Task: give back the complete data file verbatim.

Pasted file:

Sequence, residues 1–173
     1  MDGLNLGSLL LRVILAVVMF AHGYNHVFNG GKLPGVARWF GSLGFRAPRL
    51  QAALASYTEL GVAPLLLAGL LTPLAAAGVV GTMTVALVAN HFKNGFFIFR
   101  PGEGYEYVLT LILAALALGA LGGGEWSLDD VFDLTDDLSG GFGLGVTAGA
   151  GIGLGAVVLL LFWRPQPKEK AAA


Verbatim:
Sequence, residues 1–173
     1  MDGLNLGSLL LRVILAVVMF AHGYNHVFNG GKLPGVARWF GSLGFRAPRL
    51  QAALASYTEL GVAPLLLAGL LTPLAAAGVV GTMTVALVAN HFKNGFFIFR
   101  PGEGYEYVLT LILAALALGA LGGGEWSLDD VFDLTDDLSG GFGLGVTAGA
   151  GIGLGAVVLL LFWRPQPKEK AAA